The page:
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Remption of the Tulliver Family in “The Mill on the Floss”
In “Mill on the Floss”, George Eliot creates a central family with the heroine, Maggie Tulliver, in both domestic and social framework. This is a story about a Victorian middle-classed family searching their identity and way to happiness. With Eliot’s descriptions, readers can see how the Tullivers struggle in Capitalism society, facing their problems, and being redeemed by the narrator’s arrangement in the ending. To explain the family situation, we will start with its four members. It has four middle-classed family members, formed by father, mother, a son and a daughter.
The Tulliver Family as Victims of Capitalism and Patriarchy
Mr. Tulliver, the head of the family, lives by the mill on the Floss river with his family. As a father, he is soft with his wife and daughter. He is a nice person, not rich, but wants to be so. His expectation for the young generation, Tom and Maggie, is to help them gain better social position in both fame and financial status. However, Mr. Tulliver's financial downfall ruins the dream and causes his illness. This frustration also influences the rest of the family. To Mr. Tulliver and his son, the defeat of law case with Mr. Wakem becomes a reason of hatred, even if the bankruptcy also has something to do with the result of Mr. Tulliver’s own single- mindedness, rashness and pride.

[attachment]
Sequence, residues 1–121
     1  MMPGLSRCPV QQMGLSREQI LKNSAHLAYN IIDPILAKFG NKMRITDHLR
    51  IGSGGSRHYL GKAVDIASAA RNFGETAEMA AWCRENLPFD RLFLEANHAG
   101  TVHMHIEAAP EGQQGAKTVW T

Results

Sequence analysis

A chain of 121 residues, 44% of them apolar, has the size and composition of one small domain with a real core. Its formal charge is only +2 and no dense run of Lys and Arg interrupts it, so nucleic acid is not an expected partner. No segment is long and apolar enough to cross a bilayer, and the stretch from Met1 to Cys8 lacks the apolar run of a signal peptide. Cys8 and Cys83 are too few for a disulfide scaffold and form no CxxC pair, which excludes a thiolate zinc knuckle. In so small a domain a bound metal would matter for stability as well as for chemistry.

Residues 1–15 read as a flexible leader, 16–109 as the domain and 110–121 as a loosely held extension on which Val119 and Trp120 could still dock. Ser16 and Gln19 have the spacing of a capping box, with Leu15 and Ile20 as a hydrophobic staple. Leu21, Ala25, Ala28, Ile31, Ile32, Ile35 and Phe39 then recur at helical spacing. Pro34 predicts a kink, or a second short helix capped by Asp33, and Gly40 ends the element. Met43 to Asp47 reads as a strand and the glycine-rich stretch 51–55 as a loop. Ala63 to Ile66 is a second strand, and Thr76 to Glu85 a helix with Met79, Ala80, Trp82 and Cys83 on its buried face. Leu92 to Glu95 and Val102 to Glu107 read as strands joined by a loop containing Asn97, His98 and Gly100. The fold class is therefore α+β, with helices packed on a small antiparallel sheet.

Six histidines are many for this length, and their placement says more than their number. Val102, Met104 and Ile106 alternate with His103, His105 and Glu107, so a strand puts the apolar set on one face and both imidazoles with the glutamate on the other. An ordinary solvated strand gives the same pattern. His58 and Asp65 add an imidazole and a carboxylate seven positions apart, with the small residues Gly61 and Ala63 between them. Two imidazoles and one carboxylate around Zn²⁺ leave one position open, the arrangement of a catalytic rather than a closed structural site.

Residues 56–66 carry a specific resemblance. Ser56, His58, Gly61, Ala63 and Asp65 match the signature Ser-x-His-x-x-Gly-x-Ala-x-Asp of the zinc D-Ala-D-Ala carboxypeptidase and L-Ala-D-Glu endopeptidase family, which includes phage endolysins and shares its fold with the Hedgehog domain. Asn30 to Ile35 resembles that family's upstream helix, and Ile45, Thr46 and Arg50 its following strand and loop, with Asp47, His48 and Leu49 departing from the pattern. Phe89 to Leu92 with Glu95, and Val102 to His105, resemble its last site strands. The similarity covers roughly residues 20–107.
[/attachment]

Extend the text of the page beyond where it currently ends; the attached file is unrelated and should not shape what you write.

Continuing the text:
Just as the other main characters of The Mill on the Floss, Mr. Tulliver seems to be a victim of his own value and the circumstances of Capitalism society. Although Tulliver is somewhat more intelligent than his wife, yet he is still puzzled by malicious economic world, as well as the complexities of language, manners and values, and Mr. Tulliver is so overwhelmed by the changing world around him, that explains why ‘the world is too many’ for him.
Part of the novel will concentrate on the diminishment of traditional provincial life when facing newly materialistic, entrepreneurial forces. For example, as Mr. Tulliver must go outside his family structure to borrow five hundred pounds from a client of Lawyer Wakem's, he is actually defeated and be used by those ‘gentlemen’ who knows how to make a living in materialistic capitalism.
Tom is the Tullivers' older son. Like his father, Tome grows up as a decent man who has his own clear values of duty, justice, and fairness. These standards affect him in action rather than in emotion. Tom, in some way, is sometimes too narrow-minded, rational. Unlike his impetuous, romantic sister, he has a strong, self-righteous sense of "fairness" and "justice" which often figures into his decisions and relationships more than tenderness or emotion. This characteristic becomes one of the reasons that he often argues with Maggie about her relationship with Phillip Wakem.